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wineh

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So I noticed that some of my synthetics are leaking. Upon closer inspection, some of my recently bottled with cork leaked a bit as well. It turns out my floor corker is starting to pinch the corks.:confused: need a new floor corker I guess. will buy the better one this time.
 

Brian55

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So I noticed that some of my synthetics are leaking. Upon closer inspection, some of my recently bottled with cork leaked a bit as well. It turns out my floor corker is starting to pinch the corks.:confused: need a new floor corker I guess. will buy the better one this time.
Which one did you have, and what should others look for as signs that theirs is starting to fail?
 

mainshipfred

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There are many sources for replacement jaws, but a new Portuguese Floor corker is under $75.00.

 

winemaker81

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I've looked at the Portuguese corkers. They're relatively small and easy to store. If doing wine a carboy (2 cases) at a time, they appear fine.

However, I recommend against plastic jaws. Corks undergo a lot of compression before going into the bottle, and plastic is less likely to hold up in the long term.

Food for thought -- an Italian floor corker is ~$130 USD on Amazon. It's bigger and heavier, and takes up more space. The jaws are brass and mine (purchased in 1989) is still going strong. I've never had a problem putting any cork in any bottle, and bottling 3 or 4 carboys at a time goes smoothly. Anyone who believes they'll be making wine for a long time, and has the resources, may be better served buying a better corker.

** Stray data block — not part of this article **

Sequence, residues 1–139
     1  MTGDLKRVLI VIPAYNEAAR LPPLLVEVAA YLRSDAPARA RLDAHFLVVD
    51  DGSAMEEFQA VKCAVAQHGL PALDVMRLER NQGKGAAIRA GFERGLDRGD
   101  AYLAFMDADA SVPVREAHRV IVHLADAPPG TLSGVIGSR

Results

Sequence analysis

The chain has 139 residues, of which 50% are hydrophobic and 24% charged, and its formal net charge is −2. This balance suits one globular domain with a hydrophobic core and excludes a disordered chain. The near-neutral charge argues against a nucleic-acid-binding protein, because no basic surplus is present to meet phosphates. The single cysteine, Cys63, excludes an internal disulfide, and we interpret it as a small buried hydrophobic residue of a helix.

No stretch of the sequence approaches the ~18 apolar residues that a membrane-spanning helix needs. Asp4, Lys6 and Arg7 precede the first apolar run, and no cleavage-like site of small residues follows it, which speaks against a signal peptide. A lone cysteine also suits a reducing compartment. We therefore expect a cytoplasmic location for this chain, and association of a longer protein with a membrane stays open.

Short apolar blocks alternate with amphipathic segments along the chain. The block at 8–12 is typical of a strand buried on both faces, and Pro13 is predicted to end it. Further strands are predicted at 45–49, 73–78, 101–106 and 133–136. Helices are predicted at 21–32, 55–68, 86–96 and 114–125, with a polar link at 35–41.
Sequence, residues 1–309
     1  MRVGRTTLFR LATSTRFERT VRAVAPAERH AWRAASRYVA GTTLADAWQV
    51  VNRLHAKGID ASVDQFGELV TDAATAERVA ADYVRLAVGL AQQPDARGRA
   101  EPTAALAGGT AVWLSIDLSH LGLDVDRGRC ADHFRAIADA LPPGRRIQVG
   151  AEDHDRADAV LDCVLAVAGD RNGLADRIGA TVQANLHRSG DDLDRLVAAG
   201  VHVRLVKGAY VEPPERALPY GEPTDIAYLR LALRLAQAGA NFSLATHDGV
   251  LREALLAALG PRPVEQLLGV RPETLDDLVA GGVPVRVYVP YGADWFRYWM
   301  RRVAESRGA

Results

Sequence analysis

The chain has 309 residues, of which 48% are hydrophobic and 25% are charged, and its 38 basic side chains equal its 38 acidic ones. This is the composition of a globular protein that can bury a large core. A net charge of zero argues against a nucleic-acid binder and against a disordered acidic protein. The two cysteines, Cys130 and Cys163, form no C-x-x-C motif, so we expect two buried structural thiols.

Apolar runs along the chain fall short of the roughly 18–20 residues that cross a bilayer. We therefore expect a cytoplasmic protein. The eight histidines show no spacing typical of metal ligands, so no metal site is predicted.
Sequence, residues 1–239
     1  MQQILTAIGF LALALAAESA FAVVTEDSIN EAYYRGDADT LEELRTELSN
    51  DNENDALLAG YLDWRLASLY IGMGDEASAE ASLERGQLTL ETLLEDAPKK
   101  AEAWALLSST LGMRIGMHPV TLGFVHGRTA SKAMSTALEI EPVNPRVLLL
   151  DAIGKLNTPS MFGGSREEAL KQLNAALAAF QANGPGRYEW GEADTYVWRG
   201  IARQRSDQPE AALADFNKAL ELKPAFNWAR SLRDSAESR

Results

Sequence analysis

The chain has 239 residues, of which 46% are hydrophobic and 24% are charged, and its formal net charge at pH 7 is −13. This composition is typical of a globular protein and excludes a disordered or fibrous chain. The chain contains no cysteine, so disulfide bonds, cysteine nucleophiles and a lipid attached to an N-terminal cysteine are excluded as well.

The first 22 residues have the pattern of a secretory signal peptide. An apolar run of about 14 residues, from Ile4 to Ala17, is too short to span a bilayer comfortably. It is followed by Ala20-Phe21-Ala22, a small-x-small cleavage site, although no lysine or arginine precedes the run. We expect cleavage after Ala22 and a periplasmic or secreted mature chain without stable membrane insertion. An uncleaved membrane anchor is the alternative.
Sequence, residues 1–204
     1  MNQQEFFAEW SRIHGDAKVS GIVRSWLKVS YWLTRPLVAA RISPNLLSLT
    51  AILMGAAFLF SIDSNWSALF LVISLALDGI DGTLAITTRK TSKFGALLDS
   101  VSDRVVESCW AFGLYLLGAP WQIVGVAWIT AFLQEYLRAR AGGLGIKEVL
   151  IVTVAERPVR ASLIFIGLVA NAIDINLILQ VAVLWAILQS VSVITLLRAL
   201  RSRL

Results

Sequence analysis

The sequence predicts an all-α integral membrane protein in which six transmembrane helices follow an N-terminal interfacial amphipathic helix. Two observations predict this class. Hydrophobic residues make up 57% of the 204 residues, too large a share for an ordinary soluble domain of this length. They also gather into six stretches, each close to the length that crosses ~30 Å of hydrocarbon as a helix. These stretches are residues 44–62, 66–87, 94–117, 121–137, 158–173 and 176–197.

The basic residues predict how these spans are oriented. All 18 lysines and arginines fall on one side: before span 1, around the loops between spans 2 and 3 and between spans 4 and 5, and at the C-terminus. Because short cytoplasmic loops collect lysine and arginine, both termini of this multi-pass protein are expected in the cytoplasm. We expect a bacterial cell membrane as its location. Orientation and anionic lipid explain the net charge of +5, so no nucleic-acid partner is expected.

I still have my original double-lever corker. It did the job, but I haven't used it since I used the floor corker the first time. I gave it to my brother who used it off-n-on for 25 years, before giving it back to me as he stopped making wine.

EDIT: My son uses my corker as he lives relatively close. It's likely he'll inherit the corker ... although neither of us is planning for that to happen any time soon! ;)
 
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mainshipfred

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winemaker81

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Has anyone found this to be true concerning the synthetic corks with the Ferrari as Morewine state?
My Ferrari has plain 'ole brass jaws and it works fine with Nomacorcs -- been using them for several years and have yet to mess up a cork. I've yet to find a cork it could not put into a normal wine bottle.

I have no idea if chrome plating (follow the link in @Brian55's post above) makes a difference. I doubt the jaw design has changed much (if at all). Someone with a newer corker will have to chime in.